Editor's Note: “A Look at Times Gone By” is an in-depth look at weekly Times Gone By entries compiled by the Enterprise's Debbie Kellogg since 2015. These articles will appear in each edition as local teams anticipate new seasons, whenever they should resume.

Times Gone By

Jeff Nelson and the Arlington town team won the state semipro baseball tournament in 1988.

With the sun shining and the pavement hot, the Blair town team made 1980s Dodge County Baseball League road trips in style.

The semipro ballplayers had the rare treat of rolling up to opposing parks in Bill Drefs' 1960s school bus.

“There was some singing going on …,” Russ Nelsen said Monday, recalling the rides. “... and some drinking.”

Wives and girlfriends were along for the drives in those days, too. Steve Appel said the whole Blair crew would show up early and have cookouts before game time.

“That was one of the things that made us such a cohesive team,” Mike Janssen added.

Nelsen remembers an overheated bus on the side of the road during one drive back from West Point — and a Fourth of July smoke bomb prank that left Drefs thinking he had himself a bus fire — but he also recalls competitive games between Dodge County Baseball League (DCBL) clubs.

“Most of the teams were pretty good,” Appel said.

Blair, populated with Dana College alumni and strong community backing, was certainly one of them, but its Washington County neighbor to the west was, too. Rusty Hilgenkamp, one of Arlington's standouts, recalls the '80s' DCBL the same way the eastern county ballplayers do.

“It was a pretty healthy league,” he said.

And the county rivalry followed suit.

Blair versus Arlington

“Our battles with Arlington were memorable,” Janssen said.

Appel agreed, noting that, “They were pretty good.”

While competition was high between Blair and Arlington with the crowds easily reaching the 100s, the rivalry was never malicious.

“Us and Blair were good, healthy rivals,” Hilgenkamp said.

Nelsen concurred.

“It was never heated,” he explained. “Just a lot of respect for each other.”

Arlington games in Blair were almost always celebrated afterward with brews in the parking lot or at George's Tavern, Hilgenkamp added.

In 1988, both Washington County DCBL teams had plenty to celebrate. Arlington won the state semipro tournament in Scribner that year, besting Lincoln Runza 11-2 in the championship game.

Blair, meanwhile, clinched its league's regular season title with a 16-2 record. One of those 16 wins was a 2-1 July victory against Hilgenkamp's squad. The game was knotted up 1-1 in the 10th inning before Appel singled, giving Pat Marchese the chance to pinch run and score on an Arlington pick-off attempt gone awry.

The rivals wouldn't be strangers for long, though. They met again at the beginning of August in the DCBL playoffs.

“I hadn't done a lot of pitching up until then,” Hilgenkamp said, noting that the Arlington squad was a little thin in roster depth. But there he was, the starter at Vets Field against the regular season champs.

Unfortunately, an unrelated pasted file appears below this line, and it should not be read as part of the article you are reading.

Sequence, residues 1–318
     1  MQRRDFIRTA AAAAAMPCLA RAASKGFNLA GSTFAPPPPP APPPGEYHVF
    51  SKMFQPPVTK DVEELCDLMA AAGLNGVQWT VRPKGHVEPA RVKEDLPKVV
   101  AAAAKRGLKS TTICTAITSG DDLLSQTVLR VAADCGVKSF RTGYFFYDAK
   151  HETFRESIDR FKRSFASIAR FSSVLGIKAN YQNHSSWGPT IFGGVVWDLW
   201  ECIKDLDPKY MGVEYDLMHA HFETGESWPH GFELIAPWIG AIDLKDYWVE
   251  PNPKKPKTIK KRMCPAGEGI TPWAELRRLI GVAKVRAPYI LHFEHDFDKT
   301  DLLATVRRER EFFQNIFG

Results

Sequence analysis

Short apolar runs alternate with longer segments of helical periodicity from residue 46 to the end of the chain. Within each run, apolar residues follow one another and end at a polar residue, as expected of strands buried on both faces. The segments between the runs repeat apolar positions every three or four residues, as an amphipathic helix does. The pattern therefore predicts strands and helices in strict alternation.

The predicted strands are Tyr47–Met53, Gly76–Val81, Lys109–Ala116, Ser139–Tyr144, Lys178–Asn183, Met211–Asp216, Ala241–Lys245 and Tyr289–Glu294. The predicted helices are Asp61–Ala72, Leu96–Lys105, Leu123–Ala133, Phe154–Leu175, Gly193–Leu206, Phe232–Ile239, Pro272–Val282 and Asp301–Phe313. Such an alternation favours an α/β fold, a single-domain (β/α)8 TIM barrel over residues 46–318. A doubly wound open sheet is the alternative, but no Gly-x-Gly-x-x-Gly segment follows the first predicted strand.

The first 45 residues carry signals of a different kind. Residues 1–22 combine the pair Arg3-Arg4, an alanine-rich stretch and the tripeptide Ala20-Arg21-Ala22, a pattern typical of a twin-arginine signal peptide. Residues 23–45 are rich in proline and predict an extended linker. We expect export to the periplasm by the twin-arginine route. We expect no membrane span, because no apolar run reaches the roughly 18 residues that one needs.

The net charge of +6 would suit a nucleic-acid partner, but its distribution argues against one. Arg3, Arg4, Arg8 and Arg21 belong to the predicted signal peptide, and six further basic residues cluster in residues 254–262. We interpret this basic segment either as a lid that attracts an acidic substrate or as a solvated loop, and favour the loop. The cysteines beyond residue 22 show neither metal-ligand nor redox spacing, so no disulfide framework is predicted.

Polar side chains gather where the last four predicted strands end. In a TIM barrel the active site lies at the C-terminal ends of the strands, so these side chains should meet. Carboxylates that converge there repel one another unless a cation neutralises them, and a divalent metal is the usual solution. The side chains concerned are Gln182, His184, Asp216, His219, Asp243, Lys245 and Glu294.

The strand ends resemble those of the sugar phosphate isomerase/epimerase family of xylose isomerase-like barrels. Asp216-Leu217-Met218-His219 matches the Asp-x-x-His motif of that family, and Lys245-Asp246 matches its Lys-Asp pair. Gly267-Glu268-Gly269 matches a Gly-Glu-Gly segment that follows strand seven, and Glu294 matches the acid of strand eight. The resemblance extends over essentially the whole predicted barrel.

It didn't start well.

Blair built a 5-1 advantage early with RBIs by Kevin Rasmussen and Todd Enfield before Jeff Ellis hit a homer to centerfield. Arlington protested the home run call, suggesting the ball bounced over the fence, but the ruling stuck.

A Rasmussen homer and Appel's RBI pushed Blair's lead to 7-2 as the game went on, but Arlington didn't give in. It scored four runs — including three on Jeff Nelson's homer — during the sixth frame to even the score.

Then, Hilgenkamp and company made the comeback complete with two runs in the ninth. Pat Roll and he notched hits, but Blair errors were its downfall, resulting in a 12-10 Arlington victory. The visitors wound up scoring eight runs over the last four innings to earn the win.

Hilgenkamp pitched the complete game victory with 10 strikeouts, allowing just one hit over the last five innings after a shaky start.

That wasn't the last laugh, though, as Blair beat Arlington 11-6 less than two weeks later at the Dodge County Fair. Blair pitcher Tom Zahller allowed 17 hits, but Hilgenkamp's squad stranded 11 runners.

On top of that, Enfield had two homers, while Ellis singled and doubled for the winning squad.

Town team standouts

Thirty-two years later, the details of the rivalry games aren't as fresh to Appel, Janssen, Nelsen and Hilgenkamp as the people are.

Janssen said ballplayers were so talented that he “had to bust my behind to get on the field.”

Brian Greunke, Roll, Nelson and Kent Clements all had two hits in Arlington's DCBL playoff win against Blair and Hilgenkamp remembers playing alongside each one of them. Nelson was his catcher, even though he was a natural first baseman.

“He did fine,” Hilgenkamp said. “Jeff's a good athlete.”

Rasmussen, meanwhile, played second base for Blair even though he was probably the best catcher in the league. Janssen said the infielder was likely the best DCBL second baseman, too.

Appel, meanwhile, said no Blair town team story is complete without mentioning Tim Johnson. When reached by phone Monday, Appel knew exactly how many years it'd been since his teammate died in 2007. The bond remains.

Five Blair and Arlington baseball players made the DCBL All-Star team in 1988, including Johnson, who Janssen said had a “nasty slider.”

Rasmussen and Mike Urdahl joined Johnson as Blair representatives, while Hilgenkamp and Nelson represented their rivals. Arlington's Bryan Nelson was an alternate.

Drefs, whose bus made for so many memories, managed the DCBL All-Stars as they finished their summers with a game against a Western Iowa League team at Rosenblatt Stadium — the legendary former home of the College World Series in Omaha.

That was 1988 in the DCBL.

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